Re: AMBER: Minimized structure

From: Thomas E. Cheatham, III <>
Date: Wed, 27 Jul 2005 21:47:28 -0600 (Mountain Daylight Time)

> 1. How can we be assure that our structure is
> resonable after minimizations, besides looking into
> starting and ending energy and RMSD?

You cannot, depending of course on what your definition of "reasonable"
is. All you know is that you likely have moved into one of the nearest
local energy minima basins. If you look at RMSd, you will see that
suprisingly little movement in the structure is evident. Minimization
seeks to (loosely) lower the potential energy by following the gradient;
it does not search uphill and therefore will only find nearby local
minima. Despite the lack of significant movement in the structure, in
terms of energy, large changes are possible, most notably a large
reduction in the electrostatics and vdw. Things to look out for, if
starting from a seriously overlapped structure (i.e. where atoms are in
too close contact as can be checked by using the "checkoverlap" command in
ptraj), are ring fusions (imagine pulling a string through a circle such
that to pull the string out of the circle requires breaking it or serious
vdw overlap) and/or nearly infinite electrostatic energies (due to atom
overlap). In a case where the atoms get too close, electrostatics may
dominant such that with the standard potentials the minimizer will not be
able to climb up in energy to overcome a vdw overlap. [This can be
avoided by using soft core potentials or other tricks but are not standard
in the current "AMBER" force fields.]

> 2. What does GMAX means in the minimization output
> files?

This is the maximum of the gradient (force). In general you want this
value to get smaller and smaller as you minimize. There are cases where
it can get stuck, particularly with the conjugate gradient minimizer, and
cyclically increase and decrease.

> 3. Does SHAKE really affects the bondings involving H
> in minimizations?

Yes since the minimization algorithms in AMBER do not properly deal with
SHAKE constraints. It is best to turn off SHAKE in minimization to avoid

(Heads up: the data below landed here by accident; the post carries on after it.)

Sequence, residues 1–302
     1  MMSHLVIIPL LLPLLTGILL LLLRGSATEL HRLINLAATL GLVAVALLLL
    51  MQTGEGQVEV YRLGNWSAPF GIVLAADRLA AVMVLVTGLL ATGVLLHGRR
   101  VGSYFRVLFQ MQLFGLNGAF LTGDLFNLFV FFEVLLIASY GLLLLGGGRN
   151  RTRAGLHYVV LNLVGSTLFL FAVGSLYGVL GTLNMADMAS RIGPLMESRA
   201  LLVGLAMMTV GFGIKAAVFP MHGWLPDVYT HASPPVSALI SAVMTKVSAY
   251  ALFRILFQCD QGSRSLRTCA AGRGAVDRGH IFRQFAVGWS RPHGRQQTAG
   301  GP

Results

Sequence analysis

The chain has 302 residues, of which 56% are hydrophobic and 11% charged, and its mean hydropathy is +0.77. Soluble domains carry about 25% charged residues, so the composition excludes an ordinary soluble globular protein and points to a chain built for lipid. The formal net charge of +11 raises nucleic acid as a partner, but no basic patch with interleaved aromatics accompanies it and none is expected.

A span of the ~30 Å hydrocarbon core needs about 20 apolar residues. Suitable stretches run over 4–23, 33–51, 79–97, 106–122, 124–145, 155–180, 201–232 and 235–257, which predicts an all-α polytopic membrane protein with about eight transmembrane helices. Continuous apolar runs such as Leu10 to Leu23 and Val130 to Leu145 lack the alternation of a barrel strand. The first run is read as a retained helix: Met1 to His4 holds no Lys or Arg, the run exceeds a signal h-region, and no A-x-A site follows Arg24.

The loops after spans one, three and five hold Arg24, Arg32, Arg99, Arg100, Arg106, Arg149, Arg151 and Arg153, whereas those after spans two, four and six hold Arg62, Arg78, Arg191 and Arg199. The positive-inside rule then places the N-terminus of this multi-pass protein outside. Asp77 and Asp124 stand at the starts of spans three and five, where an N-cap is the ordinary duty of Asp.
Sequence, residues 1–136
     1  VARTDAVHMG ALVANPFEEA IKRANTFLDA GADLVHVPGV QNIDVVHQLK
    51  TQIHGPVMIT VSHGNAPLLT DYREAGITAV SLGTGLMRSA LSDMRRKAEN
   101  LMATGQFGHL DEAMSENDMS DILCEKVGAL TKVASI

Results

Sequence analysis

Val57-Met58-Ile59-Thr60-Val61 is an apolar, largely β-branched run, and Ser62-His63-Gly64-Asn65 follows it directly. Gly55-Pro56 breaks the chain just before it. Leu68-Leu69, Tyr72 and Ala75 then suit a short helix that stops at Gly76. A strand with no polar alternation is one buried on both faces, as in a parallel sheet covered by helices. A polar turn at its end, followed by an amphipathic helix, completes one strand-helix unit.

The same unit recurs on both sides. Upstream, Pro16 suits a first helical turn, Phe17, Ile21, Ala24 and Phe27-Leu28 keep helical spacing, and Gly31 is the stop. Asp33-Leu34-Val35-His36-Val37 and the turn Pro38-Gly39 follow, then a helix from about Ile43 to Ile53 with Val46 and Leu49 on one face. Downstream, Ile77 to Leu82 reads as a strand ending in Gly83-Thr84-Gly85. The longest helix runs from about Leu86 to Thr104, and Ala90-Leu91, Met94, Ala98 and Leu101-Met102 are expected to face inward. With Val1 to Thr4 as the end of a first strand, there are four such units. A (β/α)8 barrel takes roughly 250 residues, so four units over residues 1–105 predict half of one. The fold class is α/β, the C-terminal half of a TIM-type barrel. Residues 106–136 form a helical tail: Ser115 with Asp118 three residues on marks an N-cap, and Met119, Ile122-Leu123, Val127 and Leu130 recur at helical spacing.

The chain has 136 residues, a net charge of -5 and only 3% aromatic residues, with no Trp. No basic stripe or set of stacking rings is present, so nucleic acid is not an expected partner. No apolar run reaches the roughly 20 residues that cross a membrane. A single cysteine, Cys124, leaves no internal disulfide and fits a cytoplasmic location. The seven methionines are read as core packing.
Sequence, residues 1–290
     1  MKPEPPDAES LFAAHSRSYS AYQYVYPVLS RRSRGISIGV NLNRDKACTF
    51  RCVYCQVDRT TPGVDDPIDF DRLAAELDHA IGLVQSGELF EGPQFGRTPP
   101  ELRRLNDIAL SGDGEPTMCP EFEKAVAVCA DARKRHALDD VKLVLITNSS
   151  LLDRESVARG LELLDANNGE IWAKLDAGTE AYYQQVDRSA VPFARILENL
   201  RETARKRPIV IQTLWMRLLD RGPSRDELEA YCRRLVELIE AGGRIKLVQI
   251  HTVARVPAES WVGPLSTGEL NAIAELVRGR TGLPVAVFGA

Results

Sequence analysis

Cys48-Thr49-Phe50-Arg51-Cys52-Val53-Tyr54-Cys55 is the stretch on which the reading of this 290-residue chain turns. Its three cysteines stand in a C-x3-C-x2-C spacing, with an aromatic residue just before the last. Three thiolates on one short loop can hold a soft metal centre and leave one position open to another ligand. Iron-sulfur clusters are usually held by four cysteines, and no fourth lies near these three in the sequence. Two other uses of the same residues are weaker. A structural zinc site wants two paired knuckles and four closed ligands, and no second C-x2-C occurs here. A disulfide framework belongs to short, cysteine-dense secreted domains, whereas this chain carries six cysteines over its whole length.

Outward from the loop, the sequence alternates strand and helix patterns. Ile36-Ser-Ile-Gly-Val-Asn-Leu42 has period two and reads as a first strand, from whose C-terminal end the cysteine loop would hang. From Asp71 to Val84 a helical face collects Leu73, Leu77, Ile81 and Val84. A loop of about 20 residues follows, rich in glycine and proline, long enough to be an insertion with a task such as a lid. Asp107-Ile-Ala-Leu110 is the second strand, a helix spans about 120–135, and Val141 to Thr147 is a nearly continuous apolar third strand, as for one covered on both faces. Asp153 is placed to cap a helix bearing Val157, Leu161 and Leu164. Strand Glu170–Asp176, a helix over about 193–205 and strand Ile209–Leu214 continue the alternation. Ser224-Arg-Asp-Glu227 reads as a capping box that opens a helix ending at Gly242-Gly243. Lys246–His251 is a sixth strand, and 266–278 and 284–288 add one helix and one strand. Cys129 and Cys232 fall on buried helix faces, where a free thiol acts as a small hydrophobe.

LIMIN and other minimizer failures; assuming the model has reasonable
hydrogen positions to start with, minimization will lead to a structure
that is compatible with SHAKE in molecular dynamics.

> 4. Is it ok if we use leap as a checking tool for any
> errors in structure after minimizations?

LEaP can be useful for looking at structures via edit in XLEaP, but the
program does not have any smarts or intelligence to detect errors. This
is really up to your intuition.

> 5. Any exception if we are running minimizations or MD
> on very huge structure (like 100K atoms)??

The larger the system, the less RMSd change and the more difficult it will
be to detect problems. I usually use minimization as a way to remove bad
contacts and lower the energy so MD will not blow up (due to large
forces). In a large system, problems can be masked. My recommendation is
first to look for close contacts (such as with the checkoverlap command in
ptraj) and if these are not resolved after minimization, check for odd
cases like ring fusion (where a chain gets caught in the middle of ring)
or others. If you minimize the system and then can run MD without it
blowing up, the system likely does not have serious overlap problems or
major instabilities.

With experience, you will start to learn what energies are reasonable
(i.e. bond/angle/dihedral energies that are positive but not huge,
electrostatic energies that are likely significantly negative,
particularly if water is present, vdw that are not too big, etc). If you
want to learn more, the AMBER tutorials are an excellent place to start
since you can reproduce what others have seen. Note that what energies
one observes will depend on what force field is applied so ideas learned
about what to expect from one force field (in terms of energies) may not
transfer to another depending on the similarity of the underlying

Good luck.

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Received on Thu Jul 28 2005 - 04:53:01 PDT
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